The Palace Restaurant

Date January 14, 2008 at 11:00 PM

Author Brad Ford

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Dinner for Three

Having started my second decade living in this city I am used to considering myself a Santa Fean - a local, if you will. After my dining experience at The Palace Restaurant I am reminded of the canyon like gulf that separates local from native but am heartened to report that going to that overlook to see the scenery provided my companions and me with a wonderful and memorable evening.

That is what dinner was for us at The Palace on the Friday of Indian Market this August.

I had heard the restaurant was old fashioned and in a delightful sense it is. The Palace first opened its doors in the early 19th century and echoes with the murmurs of 7 or 8 generations of contented diners.

Our first impression of the establishment was top-flight. Upon arrival at 7:55 for eight o'clock reservations, we were greeted warmly and seated immediately. This on what is surely one of the plaza's busiest nights of the year and an evening where the restaurant certainly was. If that type of reception is old fashioned then give me more!

The interior is white linen, red velvet, dark wood and old west. We asked for and received water promptly. Dinner began with ceaser salad for three prepared tableside. This admittedly 'old-school' work up of a classic was phenomenal. (Remember there is a whole flock of gen-Xers whose boomer parents thought such affectations in dinning to bourgeoisie to subject junior to.) The ceaser dressing was prepared before our eyes with flair and quite showmanship, extra anchovies were procured for us effortlessly, the right hint of garlic and Romaine crisp, fresh, and cool. This was a fun salad.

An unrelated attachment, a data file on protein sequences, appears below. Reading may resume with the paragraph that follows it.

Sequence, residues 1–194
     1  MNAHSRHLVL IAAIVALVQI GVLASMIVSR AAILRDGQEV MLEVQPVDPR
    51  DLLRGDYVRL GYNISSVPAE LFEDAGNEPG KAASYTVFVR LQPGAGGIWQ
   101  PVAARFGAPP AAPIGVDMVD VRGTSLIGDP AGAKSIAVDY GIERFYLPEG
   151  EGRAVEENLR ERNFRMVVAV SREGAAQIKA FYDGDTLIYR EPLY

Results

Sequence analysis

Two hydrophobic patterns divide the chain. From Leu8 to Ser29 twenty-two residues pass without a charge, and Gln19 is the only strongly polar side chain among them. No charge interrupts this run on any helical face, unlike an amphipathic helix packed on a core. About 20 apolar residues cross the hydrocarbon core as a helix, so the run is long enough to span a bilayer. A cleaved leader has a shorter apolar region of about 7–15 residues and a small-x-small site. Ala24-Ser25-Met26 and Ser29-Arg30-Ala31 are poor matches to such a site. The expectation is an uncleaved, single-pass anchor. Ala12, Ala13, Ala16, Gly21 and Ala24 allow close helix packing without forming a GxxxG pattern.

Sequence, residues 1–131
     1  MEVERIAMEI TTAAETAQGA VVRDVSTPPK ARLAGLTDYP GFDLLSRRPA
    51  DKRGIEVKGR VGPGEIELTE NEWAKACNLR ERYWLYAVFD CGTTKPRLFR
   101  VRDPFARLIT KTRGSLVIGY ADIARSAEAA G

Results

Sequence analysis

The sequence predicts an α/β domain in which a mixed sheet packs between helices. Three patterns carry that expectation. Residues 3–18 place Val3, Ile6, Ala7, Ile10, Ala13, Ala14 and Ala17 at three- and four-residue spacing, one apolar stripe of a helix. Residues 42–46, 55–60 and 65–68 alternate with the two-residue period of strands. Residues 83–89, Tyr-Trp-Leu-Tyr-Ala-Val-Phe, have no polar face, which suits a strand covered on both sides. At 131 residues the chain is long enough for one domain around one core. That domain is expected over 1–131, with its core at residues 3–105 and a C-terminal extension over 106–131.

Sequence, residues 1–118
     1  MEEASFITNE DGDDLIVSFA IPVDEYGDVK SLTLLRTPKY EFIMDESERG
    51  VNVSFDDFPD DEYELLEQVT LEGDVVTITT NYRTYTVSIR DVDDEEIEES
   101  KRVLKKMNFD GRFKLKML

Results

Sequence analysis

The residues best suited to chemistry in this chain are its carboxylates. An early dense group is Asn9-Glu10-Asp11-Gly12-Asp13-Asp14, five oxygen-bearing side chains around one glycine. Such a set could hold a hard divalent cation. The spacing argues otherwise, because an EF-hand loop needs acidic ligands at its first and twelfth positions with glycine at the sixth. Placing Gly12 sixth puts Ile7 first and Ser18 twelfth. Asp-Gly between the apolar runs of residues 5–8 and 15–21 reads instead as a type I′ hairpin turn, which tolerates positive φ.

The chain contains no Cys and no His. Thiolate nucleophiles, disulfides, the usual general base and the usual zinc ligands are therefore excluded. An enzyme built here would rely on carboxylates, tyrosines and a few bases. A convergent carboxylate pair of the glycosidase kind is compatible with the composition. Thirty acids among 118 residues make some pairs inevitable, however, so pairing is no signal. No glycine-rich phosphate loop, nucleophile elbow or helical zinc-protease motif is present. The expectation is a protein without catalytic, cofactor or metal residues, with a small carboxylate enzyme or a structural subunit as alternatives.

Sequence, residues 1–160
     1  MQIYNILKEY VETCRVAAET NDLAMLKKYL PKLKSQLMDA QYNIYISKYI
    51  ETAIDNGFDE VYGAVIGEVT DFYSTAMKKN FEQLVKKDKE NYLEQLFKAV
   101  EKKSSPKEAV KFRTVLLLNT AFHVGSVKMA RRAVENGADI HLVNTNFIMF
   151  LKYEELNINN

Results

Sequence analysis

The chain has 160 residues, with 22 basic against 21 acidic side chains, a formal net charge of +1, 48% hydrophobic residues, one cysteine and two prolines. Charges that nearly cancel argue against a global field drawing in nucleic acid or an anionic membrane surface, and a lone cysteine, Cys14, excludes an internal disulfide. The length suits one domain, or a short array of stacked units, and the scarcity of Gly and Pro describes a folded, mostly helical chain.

Dinner offerings are the time tested winners. Described by the restaurant as classic continental and Italian the menu offers prime rib, steaks, seafood and pasta. I had the prime rib, rare, gigantic and really good. My wife had crayfish linguine a bountiful portion with plenty of seafood. Another companion had one of the day's specials, beef tenderloin, also rare and prepared with melt in your mouth perfection. After all this we were to full for desert.

As the edge of our hunger was dissipating we began to look around the room and notice that many of the patrons surrounding us had been meeting at The Palace for dinner on the first night of Indian Market for years. This included flamboyantly dressed artists, suit and tied descendants of the old world, Native Americans, the lady with vibrant pink hair and three thirty something 'locals,' soaking up the views and having a lip-smacking great time.

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